Mona Harding Raser (1917-2008)

I was born in Dillon, Montana on November 19, 1917; my mother always told me when I was growing up that she was about ready to sit down to Thanksgiving dinner when I decided to make an appearance—I believe it for a long time, until I knew enough to know differently, but my birthday does fall on a Thanksgiving about every five years.

My father was a fireman on the Great Northern Railroad and of course; I don’t remember when or why we moved to Pocatello, Idaho, where my brother, Warren, was born. I do remember that it was quite a nice house and the most vivid remembrance was the wind up Victrola record player that was in the living room. There was also, evidently, a floor furnace as I remember a square grate in the floor that we used to sit on. We must have lived there for a few years as I can remember the mischief that we would get into and I teased my mother in later years by telling her that she would bump my brother’s and my head together and make us get under the kitchen table. She, of course, always denied this and I still think I can remember a time or two that we did sit under the kitchen table.

When I was about school age, my father came home and informed my mother that he was transferred to a little place called Lima, Montana and that they were going to move soon and couldn’t take very much of our furniture—Mom was broken-hearted, but because she always did whatever Dad said, we moved.

Lima, Montana in those days was a bustling little town that had a round house where the trains could turn around and we moved into a little house that was not like the one I Pocatello–We even had outdoor plumbing, “outhouse” as it was called in those days. There was a creek that ran across the back, but not deep enough to be dangerous, but just across was a farmer who raised a calf or two and I will always remember the “awry” “know-it-all-kid” that wanted me to come over and watch them butcher one of the calfs was horrible as I saw them slit its throat and from then on I didn’t have much to do with that neighbor.

We did have chickens and every once in a while, my Dad would cut one of their heads off, so we could have it for dinner; it would hop all over the year and was sickening as far as I was concerned. Mom would have to pluck the feathers off that chicken so she could cook, but I do remember how good it was. It was my brother’s and my job to crank the turn on the ice-cream maker and we did it about every Sunday. In those days, the only way to get ice was to go the ice house and buy a big chunk that had been cut and stored in the winter. So we did a great deal of time chopping ice for that blasted ice-cream maker.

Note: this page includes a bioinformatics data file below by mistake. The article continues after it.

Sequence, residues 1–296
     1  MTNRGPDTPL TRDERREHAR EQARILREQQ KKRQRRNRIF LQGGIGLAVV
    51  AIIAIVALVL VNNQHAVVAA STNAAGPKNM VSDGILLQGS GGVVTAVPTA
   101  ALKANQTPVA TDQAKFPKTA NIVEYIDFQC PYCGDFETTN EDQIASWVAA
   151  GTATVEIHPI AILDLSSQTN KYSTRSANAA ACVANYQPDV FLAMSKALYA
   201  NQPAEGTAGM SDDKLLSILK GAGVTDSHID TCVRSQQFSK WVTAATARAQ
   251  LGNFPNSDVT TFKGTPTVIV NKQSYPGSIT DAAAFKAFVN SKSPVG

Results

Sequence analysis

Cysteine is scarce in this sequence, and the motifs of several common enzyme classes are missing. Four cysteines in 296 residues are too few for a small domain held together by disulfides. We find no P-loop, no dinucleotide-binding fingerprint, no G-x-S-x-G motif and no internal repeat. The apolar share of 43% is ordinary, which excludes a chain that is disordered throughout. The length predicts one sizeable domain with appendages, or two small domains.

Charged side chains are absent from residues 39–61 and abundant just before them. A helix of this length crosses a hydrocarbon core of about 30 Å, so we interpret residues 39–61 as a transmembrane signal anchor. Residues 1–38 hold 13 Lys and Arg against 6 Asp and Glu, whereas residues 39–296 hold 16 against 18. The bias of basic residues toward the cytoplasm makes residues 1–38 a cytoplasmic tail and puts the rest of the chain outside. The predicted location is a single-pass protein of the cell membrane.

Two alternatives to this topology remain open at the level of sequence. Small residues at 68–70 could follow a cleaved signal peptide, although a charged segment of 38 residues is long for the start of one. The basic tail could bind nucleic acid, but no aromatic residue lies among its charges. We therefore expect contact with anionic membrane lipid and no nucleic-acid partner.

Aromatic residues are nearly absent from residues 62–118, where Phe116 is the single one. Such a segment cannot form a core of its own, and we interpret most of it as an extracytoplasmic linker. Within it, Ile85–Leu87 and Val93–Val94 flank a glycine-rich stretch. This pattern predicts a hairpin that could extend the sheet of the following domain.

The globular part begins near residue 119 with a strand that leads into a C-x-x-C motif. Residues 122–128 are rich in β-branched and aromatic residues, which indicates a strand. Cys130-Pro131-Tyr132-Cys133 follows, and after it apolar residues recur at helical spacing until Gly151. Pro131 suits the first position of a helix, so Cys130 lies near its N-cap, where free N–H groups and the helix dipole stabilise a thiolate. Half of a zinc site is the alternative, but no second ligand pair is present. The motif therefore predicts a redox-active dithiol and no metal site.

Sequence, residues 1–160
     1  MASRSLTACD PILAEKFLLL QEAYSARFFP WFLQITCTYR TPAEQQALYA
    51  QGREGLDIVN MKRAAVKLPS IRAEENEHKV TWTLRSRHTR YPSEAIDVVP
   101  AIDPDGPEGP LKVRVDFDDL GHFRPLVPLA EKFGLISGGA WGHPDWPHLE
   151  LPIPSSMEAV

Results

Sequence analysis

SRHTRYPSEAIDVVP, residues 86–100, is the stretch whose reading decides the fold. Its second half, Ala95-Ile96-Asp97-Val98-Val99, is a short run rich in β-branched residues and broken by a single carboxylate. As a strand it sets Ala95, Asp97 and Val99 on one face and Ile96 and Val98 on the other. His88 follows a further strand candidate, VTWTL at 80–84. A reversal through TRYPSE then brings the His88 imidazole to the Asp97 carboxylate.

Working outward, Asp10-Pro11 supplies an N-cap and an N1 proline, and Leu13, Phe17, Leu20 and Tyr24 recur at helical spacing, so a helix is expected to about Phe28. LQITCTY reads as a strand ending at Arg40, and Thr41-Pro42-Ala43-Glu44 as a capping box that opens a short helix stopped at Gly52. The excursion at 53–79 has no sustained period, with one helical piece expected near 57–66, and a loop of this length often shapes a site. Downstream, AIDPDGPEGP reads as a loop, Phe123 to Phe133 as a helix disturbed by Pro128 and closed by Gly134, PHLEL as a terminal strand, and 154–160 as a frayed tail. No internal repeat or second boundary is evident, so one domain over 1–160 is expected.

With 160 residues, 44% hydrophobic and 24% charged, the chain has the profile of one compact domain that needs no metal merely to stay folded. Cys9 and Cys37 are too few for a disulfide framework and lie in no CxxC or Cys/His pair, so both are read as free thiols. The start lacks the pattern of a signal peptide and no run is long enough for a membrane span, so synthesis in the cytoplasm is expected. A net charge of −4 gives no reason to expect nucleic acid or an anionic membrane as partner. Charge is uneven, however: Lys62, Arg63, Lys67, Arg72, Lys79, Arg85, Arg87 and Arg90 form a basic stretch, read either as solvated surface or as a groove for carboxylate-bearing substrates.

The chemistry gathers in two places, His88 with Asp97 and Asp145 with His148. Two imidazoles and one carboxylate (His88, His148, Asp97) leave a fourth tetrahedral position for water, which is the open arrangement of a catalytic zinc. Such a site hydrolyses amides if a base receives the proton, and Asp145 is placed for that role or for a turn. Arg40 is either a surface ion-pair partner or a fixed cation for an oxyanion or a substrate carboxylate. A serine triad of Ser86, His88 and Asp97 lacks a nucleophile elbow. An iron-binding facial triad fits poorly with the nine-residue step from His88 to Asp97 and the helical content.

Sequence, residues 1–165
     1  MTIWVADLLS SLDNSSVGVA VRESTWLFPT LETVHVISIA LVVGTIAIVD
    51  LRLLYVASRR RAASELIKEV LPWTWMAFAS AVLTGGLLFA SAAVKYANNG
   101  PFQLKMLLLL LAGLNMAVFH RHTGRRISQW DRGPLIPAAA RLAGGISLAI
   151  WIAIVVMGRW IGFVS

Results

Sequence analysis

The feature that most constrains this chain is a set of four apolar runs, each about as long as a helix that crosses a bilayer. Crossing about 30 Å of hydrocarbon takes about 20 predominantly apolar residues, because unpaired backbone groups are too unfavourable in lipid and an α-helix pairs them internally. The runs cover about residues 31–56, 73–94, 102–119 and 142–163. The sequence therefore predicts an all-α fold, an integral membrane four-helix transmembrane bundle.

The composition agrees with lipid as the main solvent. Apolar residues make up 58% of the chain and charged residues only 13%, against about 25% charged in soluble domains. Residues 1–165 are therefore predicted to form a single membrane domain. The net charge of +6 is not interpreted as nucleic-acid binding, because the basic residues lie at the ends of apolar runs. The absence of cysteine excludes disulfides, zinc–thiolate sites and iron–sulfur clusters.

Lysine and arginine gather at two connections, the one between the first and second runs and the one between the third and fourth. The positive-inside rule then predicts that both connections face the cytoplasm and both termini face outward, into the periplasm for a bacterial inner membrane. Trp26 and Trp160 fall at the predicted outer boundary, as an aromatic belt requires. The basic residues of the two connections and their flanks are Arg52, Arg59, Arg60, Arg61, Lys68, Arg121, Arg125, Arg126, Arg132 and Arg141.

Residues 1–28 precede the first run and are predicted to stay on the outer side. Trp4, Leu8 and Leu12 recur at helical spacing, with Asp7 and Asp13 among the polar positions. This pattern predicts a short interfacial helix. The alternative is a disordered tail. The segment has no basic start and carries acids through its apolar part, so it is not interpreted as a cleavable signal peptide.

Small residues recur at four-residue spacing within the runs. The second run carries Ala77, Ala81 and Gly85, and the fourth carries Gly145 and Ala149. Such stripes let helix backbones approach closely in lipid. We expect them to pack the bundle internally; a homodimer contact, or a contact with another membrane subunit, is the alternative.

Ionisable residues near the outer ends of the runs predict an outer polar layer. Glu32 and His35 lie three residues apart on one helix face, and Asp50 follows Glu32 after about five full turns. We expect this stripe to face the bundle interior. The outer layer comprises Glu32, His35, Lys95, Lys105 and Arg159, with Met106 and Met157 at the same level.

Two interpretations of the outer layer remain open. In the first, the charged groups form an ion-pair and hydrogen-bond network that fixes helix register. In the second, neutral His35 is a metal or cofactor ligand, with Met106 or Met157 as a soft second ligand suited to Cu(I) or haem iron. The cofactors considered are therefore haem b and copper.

I started first grade there in the new school that was quite a nifty school for then as it was made of brick and had several rooms. We had a home room teacher who was nice but strict and I can remember how she made me hold out hands one day, palms up, so she could give a few whacks with the ruler for something I did, which I don’t know what it was. But on another occasion, when I had been hit in the head with a softball during “gym” she was so nice and had me put a damp cloth on it and lay my head down on the desk. To this day I have the Christmas ornament that she gave to all of us. It was in Lima that I learned that there was no Santa Claus, as I awakened Christmas Eve and heard Mother and Dad putting up the Christmas tree and putting the gifts under it. I was shocked and heart broken, but had to find some way, I guess. Our Christmas was always a festive occasion and Mom would spend hours cooking the delightful food we had on a wood cook stove in the kitchen and the only refrigeration was the ice box that had to have blocks of ice from the ice house. It used to get so cold in Montana that the river would freeze solid enough for these big blocks to be cut out and stored in the icehouse. We always had to get the ice with tongs, but my Dad would do that.
It was in Lima that I got my first sprained ankle as some kids chased me up a tree and I fell out of it. It was in this town that I experienced getting shot in the rear by an air rifle gun and remember how it did hurt. I guess we were like all kids at that age and tried a lot of different things. I can remember another kid and going down the alley and somehow making a pipe out of something and smoking it until we got sick and Mom caught us. We did have fun, though, and I can remember how spooky Halloween was as we lived right down the hill from the cemetery and one Halloween a couple kids and I were traveling up the road and a couple ghosts jumped out at us. Scared us half to death and we beat it home. I didn’t find out till years later that they were my Mother and cousin Dorothy (Haymon) who was staying with us. I still remember that long road we had to walk to get to school and how cold it was in the winter. I had to wear long underwear, which I hated.